Police officers are empowered to conduct inspections of a crime scene and/ or any other required place for the collection of evidence. Evidence may include - blood remains, weapons, soil, wall scrapings, car paint, clothes, etc. In crimes where documentary evidence is relevant, the police can summon a witness/ accused under Section 94 of BNSS for the production of documents and electronic communication, including devices that contain digital evidence.

iii. Recording of a Section 183 statement

It is not mandatory for the investigating agency to record Section 183 statements in all the cases, but as per the sub-clause 6, that is, Section 183(6A), in any case where offence is committed under Sections 64, 65, 66, 67, 68, 69, 70, 71, 74, 75, 76, 77, 78, 79 and 124, of BNS, the magistrate has to record a statement, under Section 183, of the person against whom the offence has been committed.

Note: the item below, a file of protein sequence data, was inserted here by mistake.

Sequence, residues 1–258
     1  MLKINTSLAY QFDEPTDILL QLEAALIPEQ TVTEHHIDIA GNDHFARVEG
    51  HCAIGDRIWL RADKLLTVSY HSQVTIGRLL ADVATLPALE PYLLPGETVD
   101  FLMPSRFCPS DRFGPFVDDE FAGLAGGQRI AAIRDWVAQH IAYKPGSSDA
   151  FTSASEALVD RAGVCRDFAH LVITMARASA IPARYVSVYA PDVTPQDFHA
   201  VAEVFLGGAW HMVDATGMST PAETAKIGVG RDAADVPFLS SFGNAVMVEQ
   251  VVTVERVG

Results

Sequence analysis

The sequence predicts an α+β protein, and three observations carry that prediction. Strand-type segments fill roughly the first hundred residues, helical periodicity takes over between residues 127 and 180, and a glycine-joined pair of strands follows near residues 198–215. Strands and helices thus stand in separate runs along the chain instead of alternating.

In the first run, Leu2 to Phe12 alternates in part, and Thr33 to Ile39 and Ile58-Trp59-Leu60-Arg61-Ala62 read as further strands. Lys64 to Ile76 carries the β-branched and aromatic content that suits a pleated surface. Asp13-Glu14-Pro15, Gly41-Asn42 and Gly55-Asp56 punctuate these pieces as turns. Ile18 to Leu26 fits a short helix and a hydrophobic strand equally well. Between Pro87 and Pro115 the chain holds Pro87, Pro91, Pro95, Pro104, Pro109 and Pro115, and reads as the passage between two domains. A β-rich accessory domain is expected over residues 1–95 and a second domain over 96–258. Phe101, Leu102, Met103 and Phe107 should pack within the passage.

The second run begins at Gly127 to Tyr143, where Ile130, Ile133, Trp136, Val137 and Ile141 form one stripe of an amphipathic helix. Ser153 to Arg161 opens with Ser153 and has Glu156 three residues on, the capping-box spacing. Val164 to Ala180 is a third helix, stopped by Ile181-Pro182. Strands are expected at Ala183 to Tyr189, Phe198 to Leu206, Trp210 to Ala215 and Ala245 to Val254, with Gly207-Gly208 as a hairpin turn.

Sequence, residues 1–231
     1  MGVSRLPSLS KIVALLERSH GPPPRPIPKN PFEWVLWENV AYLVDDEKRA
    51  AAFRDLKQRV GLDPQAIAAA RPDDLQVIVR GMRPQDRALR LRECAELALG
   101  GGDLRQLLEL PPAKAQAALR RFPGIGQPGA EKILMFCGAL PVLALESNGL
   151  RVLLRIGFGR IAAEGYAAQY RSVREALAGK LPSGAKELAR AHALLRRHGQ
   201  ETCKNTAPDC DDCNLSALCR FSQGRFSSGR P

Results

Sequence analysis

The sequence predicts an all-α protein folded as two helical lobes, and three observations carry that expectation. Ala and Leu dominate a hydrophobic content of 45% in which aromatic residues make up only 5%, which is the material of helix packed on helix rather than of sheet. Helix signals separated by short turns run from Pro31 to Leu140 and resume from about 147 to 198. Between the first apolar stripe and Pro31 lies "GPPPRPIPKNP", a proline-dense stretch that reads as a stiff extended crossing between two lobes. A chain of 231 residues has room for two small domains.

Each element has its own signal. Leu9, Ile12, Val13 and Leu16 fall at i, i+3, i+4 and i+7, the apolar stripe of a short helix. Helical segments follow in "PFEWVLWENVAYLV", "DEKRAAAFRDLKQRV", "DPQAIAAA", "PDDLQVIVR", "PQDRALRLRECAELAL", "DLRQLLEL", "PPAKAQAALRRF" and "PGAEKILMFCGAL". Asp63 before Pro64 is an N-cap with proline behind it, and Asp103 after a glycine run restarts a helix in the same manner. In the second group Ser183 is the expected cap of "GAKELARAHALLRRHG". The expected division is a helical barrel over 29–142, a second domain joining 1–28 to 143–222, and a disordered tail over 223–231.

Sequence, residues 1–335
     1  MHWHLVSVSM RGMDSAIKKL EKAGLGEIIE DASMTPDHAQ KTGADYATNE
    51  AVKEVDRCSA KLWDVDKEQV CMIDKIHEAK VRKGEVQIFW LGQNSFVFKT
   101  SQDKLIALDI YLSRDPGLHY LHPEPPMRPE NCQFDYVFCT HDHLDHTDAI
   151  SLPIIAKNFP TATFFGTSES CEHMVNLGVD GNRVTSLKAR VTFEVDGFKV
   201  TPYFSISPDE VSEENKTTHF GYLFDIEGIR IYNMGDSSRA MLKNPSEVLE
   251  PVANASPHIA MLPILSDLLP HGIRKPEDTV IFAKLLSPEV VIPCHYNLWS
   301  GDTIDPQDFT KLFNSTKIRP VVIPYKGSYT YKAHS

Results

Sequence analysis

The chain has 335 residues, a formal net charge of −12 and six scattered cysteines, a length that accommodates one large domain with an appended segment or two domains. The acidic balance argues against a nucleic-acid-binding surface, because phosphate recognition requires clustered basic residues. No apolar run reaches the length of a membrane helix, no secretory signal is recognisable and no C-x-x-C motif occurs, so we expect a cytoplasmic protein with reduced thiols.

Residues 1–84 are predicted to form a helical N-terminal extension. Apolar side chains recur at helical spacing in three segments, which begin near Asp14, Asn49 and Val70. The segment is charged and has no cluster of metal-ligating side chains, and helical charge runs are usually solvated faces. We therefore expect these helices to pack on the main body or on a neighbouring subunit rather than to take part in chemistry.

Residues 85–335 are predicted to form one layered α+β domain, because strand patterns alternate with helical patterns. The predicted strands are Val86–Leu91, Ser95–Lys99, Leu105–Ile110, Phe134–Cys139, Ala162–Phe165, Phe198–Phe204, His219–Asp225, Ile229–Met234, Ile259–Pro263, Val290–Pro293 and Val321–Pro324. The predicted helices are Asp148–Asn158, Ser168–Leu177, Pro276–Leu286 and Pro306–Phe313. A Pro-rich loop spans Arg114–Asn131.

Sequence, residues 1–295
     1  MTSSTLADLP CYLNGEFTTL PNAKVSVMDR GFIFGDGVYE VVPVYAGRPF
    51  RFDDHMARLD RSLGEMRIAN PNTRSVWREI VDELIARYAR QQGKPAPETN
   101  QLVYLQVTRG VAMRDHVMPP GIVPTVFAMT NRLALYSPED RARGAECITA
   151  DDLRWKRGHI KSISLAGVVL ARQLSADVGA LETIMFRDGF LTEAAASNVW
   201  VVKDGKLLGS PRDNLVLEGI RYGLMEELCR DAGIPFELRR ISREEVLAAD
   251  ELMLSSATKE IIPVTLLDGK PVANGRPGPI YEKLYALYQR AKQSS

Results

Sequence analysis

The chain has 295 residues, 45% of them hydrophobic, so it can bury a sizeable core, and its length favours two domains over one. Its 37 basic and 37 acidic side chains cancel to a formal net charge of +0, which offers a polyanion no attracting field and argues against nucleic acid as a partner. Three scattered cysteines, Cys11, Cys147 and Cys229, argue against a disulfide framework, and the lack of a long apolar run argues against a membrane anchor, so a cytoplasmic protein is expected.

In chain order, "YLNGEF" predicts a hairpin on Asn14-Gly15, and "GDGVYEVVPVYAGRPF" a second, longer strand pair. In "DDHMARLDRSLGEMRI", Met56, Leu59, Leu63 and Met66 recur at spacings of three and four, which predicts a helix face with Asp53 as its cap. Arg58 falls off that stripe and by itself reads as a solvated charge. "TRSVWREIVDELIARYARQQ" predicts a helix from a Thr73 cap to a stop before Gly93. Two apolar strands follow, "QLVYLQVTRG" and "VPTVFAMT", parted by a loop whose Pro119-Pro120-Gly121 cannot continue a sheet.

A statement recorded under Section 183 is admissible as evidence as the same is recorded before a judicial officer under oath. A statement recorded under Section 183 can be retracted by a person making the statement by way of an application before the Metropolitan/ Judicial Magistrate.

Stages of Bail

A person named as an accused in the FIR can seek pre-arrest bail from a Court of Sessions or a High Court and/ or an arrested accused person can seek regular bail from a trial court and/ or a Court of Sessions or a High Court.

i.  Anticipatory Bail under Section 482